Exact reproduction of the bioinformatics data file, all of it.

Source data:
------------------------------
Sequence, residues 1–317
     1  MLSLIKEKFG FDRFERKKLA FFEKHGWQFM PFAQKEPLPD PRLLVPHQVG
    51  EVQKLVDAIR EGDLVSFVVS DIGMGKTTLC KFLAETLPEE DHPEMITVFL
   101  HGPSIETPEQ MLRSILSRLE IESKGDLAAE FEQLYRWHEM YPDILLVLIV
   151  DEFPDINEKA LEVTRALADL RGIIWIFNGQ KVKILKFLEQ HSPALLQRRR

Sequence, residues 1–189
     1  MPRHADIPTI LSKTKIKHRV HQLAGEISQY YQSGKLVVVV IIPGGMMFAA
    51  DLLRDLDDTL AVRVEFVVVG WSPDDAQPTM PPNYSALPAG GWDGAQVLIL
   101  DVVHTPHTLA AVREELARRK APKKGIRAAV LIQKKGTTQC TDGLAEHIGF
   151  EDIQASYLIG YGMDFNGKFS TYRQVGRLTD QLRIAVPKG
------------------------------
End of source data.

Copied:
Sequence, residues 1–317
     1  MLSLIKEKFG FDRFERKKLA FFEKHGWQFM PFAQKEPLPD PRLLVPHQVG
    51  EVQKLVDAIR EGDLVSFVVS DIGMGKTTLC KFLAETLPEE DHPEMITVFL
   101  HGPSIETPEQ MLRSILSRLE IESKGDLAAE FEQLYRWHEM YPDILLVLIV
   151  DEFPDINEKA LEVTRALADL RGIIWIFNGQ KVKILKFLEQ HSPALLQRRR

Sequence, residues 1–189
     1  MPRHADIPTI LSKTKIKHRV HQLAGEISQY YQSGKLVVVV IIPGGMMFAA
    51  DLLRDLDDTL AVRVEFVVVG WSPDDAQPTM PPNYSALPAG GWDGAQVLIL
   101  DVVHTPHTLA AVREELARRK APKKGIRAAV LIQKKGTTQC TDGLAEHIGF
   151  EDIQASYLIG YGMDFNGKFS TYRQVGRLTD QLRIAVPKG